What is new in Firefox 46 Leave a comment

FIREFOX 46 is the latest stable release of the popular open-source browser. As firefox is a mainstay of many Linux desktop distros, plenty of users will be keen to see how these changes will impact their favorite browser.
As is often the case, a number of the updates apply fixes to edge cases and obscure bugs that most users won’t notice. Nevertheless, these fixes are important. But 46.0 isn’t just about obscure bugs nobody cares about, it also brings a number of security and UI improvements that will be welcome to many GNU/Linux users.
This version of Firefox brings GTK3 integration, which the Linux world has been awaiting for some time. GTK3 is the widget toolkit that powers several popular desktop environments, including GNOME, Cinnamon, LXDE and Mate. Incorporating the same toolkit into the browser means tighter integration and better support for customization.
The change is not just cosmetic either. Older machines sometimes struggle to run multiple UI libraries at the same time, and browsers already are notorious memory hogs. Upgrading to 46.0 could make your browsing experience smoother and faster.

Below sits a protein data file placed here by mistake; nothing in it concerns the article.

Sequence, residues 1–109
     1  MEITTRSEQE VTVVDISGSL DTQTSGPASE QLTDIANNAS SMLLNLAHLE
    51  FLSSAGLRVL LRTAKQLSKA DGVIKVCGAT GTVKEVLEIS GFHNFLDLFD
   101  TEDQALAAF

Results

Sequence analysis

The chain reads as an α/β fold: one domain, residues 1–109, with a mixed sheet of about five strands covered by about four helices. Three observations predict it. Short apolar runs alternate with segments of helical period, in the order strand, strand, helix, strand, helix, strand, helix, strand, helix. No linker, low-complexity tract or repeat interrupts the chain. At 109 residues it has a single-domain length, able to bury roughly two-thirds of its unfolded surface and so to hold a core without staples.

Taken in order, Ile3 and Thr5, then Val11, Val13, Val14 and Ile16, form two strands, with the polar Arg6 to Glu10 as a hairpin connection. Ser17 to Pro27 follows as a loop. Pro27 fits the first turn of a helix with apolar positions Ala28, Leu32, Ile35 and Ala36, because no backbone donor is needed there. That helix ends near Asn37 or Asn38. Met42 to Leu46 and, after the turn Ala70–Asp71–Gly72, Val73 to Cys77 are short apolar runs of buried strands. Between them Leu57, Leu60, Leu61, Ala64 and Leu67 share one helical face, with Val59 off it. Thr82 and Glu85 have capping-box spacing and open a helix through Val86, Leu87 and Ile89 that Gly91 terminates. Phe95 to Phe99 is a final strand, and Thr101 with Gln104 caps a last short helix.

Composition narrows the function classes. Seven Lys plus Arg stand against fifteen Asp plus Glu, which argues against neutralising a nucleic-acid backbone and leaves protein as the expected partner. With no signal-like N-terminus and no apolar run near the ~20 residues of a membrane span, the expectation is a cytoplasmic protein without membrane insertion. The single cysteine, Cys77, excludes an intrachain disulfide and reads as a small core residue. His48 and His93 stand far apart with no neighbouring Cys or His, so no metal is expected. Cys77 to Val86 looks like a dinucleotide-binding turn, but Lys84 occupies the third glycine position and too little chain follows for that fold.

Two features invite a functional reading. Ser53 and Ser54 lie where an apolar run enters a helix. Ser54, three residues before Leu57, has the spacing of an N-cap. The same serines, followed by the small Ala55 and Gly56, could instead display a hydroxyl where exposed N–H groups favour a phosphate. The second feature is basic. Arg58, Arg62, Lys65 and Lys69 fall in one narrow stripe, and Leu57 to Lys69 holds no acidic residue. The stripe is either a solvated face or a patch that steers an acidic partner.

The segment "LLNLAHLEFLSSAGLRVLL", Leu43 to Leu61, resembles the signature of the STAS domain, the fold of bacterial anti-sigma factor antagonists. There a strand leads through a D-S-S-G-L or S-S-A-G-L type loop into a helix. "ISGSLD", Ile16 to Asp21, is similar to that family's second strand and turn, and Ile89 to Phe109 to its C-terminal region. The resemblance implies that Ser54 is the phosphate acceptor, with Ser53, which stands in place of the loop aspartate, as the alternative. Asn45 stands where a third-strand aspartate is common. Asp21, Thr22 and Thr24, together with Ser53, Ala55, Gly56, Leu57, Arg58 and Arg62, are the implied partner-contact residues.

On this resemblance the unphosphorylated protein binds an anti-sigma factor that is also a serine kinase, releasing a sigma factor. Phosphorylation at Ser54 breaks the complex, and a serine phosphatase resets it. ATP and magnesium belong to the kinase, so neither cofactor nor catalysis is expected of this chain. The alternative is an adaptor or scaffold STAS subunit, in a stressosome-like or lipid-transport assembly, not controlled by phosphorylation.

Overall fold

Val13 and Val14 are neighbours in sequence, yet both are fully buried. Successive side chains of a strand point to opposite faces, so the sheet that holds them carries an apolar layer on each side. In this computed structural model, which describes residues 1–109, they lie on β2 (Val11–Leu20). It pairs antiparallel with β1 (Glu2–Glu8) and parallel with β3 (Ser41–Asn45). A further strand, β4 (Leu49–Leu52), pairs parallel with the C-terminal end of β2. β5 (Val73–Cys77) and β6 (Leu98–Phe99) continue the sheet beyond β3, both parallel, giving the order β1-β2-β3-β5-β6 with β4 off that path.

Mozilla has taken a step toward making JavaScript a more secure platform with a significant change to the way memory is allocated by the SpiderMonkey JavaScript compiler. The inner details of memory management are an arcane subject, so I won’t cover that here. Let’s just say that the old way of doing things made it possible for attackers to alter the code stored in memory and then execute their altered code. This would allow them to access data that should remain secure. Today, that attack vector has been closed, thanks to the work of Mozilla developer  Jandem.
Other improvements include a fix for screen readers, which are used by people who have problems reading the text on the screen. This includes partially sighted and blind users. Screen readers can have problems making sense of the text and images on the screen, especially when the underlying Document Object Model is complex.
Another improvement concerns Web RTC (real-time communications), a Web interface for live communications between Web browsers. Web RTC is an essential component of Web applications that interact with the Webcam and microphone. This includes a number of VOIP and video communication apps. These will benefit from the efforts of Mozilla’s developers, who have significantly improved the stability of Web RTC in Firefox.

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